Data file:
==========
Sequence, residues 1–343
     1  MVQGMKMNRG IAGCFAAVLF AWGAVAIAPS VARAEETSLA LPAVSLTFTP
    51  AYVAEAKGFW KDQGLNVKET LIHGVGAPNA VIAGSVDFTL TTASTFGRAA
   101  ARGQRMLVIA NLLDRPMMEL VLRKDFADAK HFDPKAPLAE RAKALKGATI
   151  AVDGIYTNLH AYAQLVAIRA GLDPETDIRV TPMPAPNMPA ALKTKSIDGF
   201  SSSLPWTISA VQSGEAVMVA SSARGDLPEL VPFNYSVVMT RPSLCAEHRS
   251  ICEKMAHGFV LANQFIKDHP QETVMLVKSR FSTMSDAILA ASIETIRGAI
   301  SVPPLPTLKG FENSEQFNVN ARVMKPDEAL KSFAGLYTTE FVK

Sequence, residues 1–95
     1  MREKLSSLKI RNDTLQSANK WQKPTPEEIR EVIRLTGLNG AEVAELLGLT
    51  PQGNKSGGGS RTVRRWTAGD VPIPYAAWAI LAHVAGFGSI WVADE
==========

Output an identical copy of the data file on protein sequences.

Sequence, residues 1–343
     1  MVQGMKMNRG IAGCFAAVLF AWGAVAIAPS VARAEETSLA LPAVSLTFTP
    51  AYVAEAKGFW KDQGLNVKET LIHGVGAPNA VIAGSVDFTL TTASTFGRAA
   101  ARGQRMLVIA NLLDRPMMEL VLRKDFADAK HFDPKAPLAE RAKALKGATI
   151  AVDGIYTNLH AYAQLVAIRA GLDPETDIRV TPMPAPNMPA ALKTKSIDGF
   201  SSSLPWTISA VQSGEAVMVA SSARGDLPEL VPFNYSVVMT RPSLCAEHRS
   251  ICEKMAHGFV LANQFIKDHP QETVMLVKSR FSTMSDAILA ASIETIRGAI
   301  SVPPLPTLKG FENSEQFNVN ARVMKPDEAL KSFAGLYTTE FVK

Sequence, residues 1–95
     1  MREKLSSLKI RNDTLQSANK WQKPTPEEIR EVIRLTGLNG AEVAELLGLT
    51  PQGNKSGGGS RTVRRWTAGD VPIPYAAWAI LAHVAGFGSI WVADE